“Inspirational” and its derivatives has replaced “passionate” as a CV-staple. “Inspirational” has also become a clickbait-staple. My Twitter feed seems to sag under the burden of just so many “inspirational” and “inspiring” links. “Inspiration”, “inspiring”, “inspirational” – all join “disruptive”, “revolutionary”, “transformational” in the Overused Lexicon.
Recently a video circulated online (OK, “went viral”) of a woman with terminal illness’ interview with Ryan Tubridy on The Late Late Show. While her own determination to live every moment is entirely admirable, I do wonder if the cult of Inspiration can put pressure on people in this situation (and many others) to Be An Inspiration. Winston Churchill’s battles with the “black dog” of depression are often held up as inspiring – look what he achieved despite his depression! – but this can be demoralising – look what he achieved despite his depression, so why can’t I? Cue guilty spiral…
Currently Sir Bradley Wiggins is facing serious questions about his use of Therapeutic Use Exemptions. Cycling seems a sport that, even more than others, is bound up with a culture of Being Inspirational (perhaps this is because cycling does seem to small-i inspire many adults to take up the bike themselves, in a way watching professional football, for example, doesn’t) . One of the reasons Lance Armstrong got away with his drug cheating was the Inspirational Story he was able to wrap himself in, and a natural reluctance on the part of many to burst an Inspirational bubble.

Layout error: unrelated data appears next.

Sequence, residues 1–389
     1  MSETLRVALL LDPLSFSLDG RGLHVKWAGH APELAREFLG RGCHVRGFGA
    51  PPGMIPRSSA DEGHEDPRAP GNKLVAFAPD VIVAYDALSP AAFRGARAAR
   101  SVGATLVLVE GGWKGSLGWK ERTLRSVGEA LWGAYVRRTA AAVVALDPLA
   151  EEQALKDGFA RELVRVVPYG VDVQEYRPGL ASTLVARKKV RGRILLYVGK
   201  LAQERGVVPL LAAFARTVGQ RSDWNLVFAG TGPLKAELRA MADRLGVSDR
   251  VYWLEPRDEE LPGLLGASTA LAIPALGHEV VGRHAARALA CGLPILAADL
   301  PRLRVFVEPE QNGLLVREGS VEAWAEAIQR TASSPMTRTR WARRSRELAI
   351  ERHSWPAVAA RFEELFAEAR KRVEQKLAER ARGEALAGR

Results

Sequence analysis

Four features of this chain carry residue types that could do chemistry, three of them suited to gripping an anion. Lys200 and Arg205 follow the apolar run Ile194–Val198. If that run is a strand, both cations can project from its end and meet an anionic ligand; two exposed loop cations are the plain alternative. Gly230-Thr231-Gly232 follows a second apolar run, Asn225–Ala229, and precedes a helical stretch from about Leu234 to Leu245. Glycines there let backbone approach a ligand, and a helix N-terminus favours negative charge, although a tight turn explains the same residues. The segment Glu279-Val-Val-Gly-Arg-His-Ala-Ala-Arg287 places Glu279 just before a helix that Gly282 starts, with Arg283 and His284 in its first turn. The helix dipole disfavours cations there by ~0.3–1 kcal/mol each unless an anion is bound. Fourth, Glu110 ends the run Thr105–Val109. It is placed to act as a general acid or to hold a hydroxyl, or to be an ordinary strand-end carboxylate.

Much of the discourse online about eHealth can take a similarly Inspirational Above All turn. Perhaps this is another example of how the can-do, market-focused, startup culture of tech conflicts with the more restrained, evidence-focused, small-c conservative world of healthcare.